I have seen conflicting claims made at various places on the internet. Can anyone provide an authoritative answer to whether an UPDATE statement (in SQL Server 2008) updates in place, conducts a DELETE followed by an INSERT, or may do either depending on the circumstances (which begs the next question of how SQL Server makes this choice)? I know that an UPDATE trigger has inserted and deleted tables and that the transaction log has a before and after image of the row. I don't think either of these conclusively answers the question about how an update is hendled by SQL Server, though.
It depends!! If you're updating part of the clustered index, then you will see a delete followed by an insert: Current LSN Operation Context Transaction ID 00001e21:0000287b:0003 LOP_BEGIN_XACT LCX_NULL 0000:000ce552 00001e21:0000287b:0004 LOP_DELETE_ROWS LCX_MARK_AS_GHOST 0000:000ce552 00001e21:0000287b:0005 LOP_SET_BITS LCX_PFS 0000:00000000 00001e21:0000287b:0006 LOP_INSERT_ROWS LCX_CLUSTERED 0000:000ce552 00001e21:0000287b:0007 LOP_COMMIT_XACT LCX_NULL 0000:000ce552 Updates that don't change the clustered index key, and don't **significantly** alter the length of the row change the row in-place: Current LSN Operation Context Transaction ID 00001e21:0000287d:0002 LOP_SET_BITS LCX_PFS 0000:00000000 00001e21:0000287d:0003 LOP_BEGIN_XACT LCX_NULL 0000:000ce553 00001e21:0000287d:0004 LOP_MODIFY_ROW LCX_CLUSTERED 0000:000ce553 00001e21:0000287d:0005 LOP_MODIFY_ROW LCX_CLUSTERED 0000:000ce553 00001e21:0000287d:0006 LOP_MODIFY_ROW LCX_CLUSTERED 0000:000ce553 00001e21:0000287d:0007 LOP_COMMIT_XACT LCX_NULL 0000:000ce553 Operations which do significantly increase the length of a row will result in various operations, involving page formatting, row overflow, etc etc.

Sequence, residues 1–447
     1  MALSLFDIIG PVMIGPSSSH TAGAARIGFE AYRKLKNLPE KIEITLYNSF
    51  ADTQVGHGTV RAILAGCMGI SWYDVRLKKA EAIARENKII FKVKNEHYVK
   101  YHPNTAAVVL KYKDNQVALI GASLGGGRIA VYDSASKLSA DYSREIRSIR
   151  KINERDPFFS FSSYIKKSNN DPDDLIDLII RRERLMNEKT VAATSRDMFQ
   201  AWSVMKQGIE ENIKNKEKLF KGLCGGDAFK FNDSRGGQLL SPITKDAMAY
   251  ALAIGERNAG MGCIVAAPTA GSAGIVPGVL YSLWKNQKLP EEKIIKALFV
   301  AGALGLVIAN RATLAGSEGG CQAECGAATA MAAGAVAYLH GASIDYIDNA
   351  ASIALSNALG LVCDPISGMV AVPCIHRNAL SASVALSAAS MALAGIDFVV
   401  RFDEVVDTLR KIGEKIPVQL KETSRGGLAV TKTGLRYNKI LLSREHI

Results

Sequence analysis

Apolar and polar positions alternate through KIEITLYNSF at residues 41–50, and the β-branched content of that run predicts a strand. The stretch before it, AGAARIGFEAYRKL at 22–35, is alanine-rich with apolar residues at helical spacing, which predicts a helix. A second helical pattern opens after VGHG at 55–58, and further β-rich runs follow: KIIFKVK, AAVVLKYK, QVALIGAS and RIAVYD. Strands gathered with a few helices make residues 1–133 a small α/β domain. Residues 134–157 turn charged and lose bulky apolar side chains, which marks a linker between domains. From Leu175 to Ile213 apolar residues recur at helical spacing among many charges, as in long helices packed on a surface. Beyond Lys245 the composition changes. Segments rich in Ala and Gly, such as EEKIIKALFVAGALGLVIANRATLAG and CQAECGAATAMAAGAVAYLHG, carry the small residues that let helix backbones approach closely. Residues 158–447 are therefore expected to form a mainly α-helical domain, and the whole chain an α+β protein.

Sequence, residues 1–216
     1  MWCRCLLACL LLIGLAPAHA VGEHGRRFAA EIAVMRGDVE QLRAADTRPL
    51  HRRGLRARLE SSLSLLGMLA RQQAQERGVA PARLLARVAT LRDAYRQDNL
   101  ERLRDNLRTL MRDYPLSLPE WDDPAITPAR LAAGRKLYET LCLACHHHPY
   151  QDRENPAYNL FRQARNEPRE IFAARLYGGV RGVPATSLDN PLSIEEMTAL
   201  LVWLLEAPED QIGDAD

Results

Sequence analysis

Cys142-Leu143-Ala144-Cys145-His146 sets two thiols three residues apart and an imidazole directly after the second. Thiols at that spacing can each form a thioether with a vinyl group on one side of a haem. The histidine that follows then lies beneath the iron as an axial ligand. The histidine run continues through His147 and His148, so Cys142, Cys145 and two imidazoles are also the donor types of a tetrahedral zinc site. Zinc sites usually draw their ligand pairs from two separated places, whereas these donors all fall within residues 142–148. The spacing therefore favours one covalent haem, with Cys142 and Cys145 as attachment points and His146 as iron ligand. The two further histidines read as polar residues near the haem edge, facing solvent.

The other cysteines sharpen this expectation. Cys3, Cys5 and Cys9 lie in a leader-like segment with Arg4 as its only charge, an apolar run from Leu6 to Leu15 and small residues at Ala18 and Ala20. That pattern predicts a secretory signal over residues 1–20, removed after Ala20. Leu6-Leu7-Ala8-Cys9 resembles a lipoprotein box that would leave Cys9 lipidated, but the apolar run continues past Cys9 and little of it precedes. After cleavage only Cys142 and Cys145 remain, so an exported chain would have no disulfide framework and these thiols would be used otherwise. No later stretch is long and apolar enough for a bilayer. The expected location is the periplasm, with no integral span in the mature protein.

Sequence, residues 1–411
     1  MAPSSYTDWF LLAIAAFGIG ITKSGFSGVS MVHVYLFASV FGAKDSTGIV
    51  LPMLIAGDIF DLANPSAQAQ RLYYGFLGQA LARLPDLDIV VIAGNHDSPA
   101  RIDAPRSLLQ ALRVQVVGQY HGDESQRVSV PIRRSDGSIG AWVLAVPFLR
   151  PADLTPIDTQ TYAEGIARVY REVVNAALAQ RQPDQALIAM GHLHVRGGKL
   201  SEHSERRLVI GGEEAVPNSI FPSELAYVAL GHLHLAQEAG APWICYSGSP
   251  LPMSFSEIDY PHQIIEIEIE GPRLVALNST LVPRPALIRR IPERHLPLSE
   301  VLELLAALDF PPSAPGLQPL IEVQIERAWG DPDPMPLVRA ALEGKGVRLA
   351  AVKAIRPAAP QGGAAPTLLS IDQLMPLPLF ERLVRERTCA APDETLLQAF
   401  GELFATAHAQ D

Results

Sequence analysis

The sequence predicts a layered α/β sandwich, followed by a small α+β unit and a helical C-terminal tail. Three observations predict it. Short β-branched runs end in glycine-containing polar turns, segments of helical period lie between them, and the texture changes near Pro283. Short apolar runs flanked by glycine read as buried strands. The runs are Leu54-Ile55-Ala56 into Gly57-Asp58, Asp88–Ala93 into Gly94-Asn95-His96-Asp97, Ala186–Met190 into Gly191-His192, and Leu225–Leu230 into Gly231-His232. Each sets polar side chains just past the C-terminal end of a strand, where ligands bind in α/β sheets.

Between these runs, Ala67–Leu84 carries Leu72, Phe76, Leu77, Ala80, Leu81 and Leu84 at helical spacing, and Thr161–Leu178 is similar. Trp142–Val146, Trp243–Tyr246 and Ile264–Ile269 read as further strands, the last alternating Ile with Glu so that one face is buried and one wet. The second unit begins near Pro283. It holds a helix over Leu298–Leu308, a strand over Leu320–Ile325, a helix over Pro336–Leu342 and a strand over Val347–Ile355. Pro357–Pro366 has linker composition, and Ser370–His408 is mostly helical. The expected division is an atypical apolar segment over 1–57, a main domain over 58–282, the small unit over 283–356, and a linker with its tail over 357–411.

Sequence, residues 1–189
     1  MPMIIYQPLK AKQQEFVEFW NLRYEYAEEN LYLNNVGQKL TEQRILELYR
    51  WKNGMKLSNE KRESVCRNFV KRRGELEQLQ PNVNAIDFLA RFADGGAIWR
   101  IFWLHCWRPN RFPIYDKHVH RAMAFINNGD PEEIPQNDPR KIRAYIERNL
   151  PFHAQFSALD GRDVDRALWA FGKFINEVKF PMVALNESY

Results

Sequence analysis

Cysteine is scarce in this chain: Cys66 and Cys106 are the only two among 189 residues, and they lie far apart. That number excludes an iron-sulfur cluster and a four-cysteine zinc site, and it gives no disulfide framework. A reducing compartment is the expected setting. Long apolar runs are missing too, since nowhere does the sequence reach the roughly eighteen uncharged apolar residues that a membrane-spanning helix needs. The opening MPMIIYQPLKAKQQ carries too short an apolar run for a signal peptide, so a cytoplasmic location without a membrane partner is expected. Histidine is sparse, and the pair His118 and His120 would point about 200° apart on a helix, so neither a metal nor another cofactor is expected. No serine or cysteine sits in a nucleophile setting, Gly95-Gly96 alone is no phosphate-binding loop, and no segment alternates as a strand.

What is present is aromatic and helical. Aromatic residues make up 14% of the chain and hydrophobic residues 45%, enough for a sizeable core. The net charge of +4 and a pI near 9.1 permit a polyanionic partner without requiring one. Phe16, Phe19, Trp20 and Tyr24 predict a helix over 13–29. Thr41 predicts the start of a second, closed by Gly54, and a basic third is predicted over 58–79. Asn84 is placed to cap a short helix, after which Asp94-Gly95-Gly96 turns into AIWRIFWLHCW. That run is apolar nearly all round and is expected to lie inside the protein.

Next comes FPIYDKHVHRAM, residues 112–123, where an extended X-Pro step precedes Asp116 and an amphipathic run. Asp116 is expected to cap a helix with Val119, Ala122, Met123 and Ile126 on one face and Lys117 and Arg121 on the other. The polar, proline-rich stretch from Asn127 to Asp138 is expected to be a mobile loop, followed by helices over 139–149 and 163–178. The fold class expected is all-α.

I don't think that a conclusive answer is possible. Presence of the inserted and deleted logical tables suggests that SQL Sever may opt to delete the record and insert a new one with values from inserted table, but it does not have to, because as always, **it depends**. If the update statement does not affect the location of other records then it will insert a new record exactly in the original location, otherwise, it will not (like for example is the update causes the page to split). Split page can happen, for example, when you have a wide column, but the values in the existing records are rather narrow meaning that quite few records are packed into a single page. Updating a record with wide value will cause the record to move, so the page split will take place physically moving the updated record to a new location. However, if the update is possible "in place" then it will take place. For example, when updating only fixed column width columns, such as integers, decimals, chars, there is no need to move anything anywhere as the updated record will remain just as wide as it was before and therefore, there is no need to move it anywhere. Oleg
What do you understand the difference to be between updating in place and doing an insert/delete? Logically speaking it is the end result that matters and that end result is presumably the same in each case. So it may depend on just how you define the terms you are using. Better in my view to forget about those over-simplistic terms and just understand how SQL Server actually does work. Read a good book like the Inside SQL Server series.